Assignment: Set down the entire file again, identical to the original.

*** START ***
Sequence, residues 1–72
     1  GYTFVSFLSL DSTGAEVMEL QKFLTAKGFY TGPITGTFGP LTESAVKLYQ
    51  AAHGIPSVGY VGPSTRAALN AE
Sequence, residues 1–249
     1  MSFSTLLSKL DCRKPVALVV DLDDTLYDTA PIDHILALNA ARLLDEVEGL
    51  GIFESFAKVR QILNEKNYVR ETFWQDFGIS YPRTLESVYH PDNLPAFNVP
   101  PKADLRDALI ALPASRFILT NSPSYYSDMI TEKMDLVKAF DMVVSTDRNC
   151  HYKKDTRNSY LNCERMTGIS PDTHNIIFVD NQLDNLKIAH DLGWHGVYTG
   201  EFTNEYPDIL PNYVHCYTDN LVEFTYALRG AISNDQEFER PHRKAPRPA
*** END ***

Sequence, residues 1–72
     1  GYTFVSFLSL DSTGAEVMEL QKFLTAKGFY TGPITGTFGP LTESAVKLYQ
    51  AAHGIPSVGY VGPSTRAALN AE
Sequence, residues 1–249
     1  MSFSTLLSKL DCRKPVALVV DLDDTLYDTA PIDHILALNA ARLLDEVEGL
    51  GIFESFAKVR QILNEKNYVR ETFWQDFGIS YPRTLESVYH PDNLPAFNVP
   101  PKADLRDALI ALPASRFILT NSPSYYSDMI TEKMDLVKAF DMVVSTDRNC
   151  HYKKDTRNSY LNCERMTGIS PDTHNIIFVD NQLDNLKIAH DLGWHGVYTG
   201  EFTNEYPDIL PNYVHCYTDN LVEFTYALRG AISNDQEFER PHRKAPRPA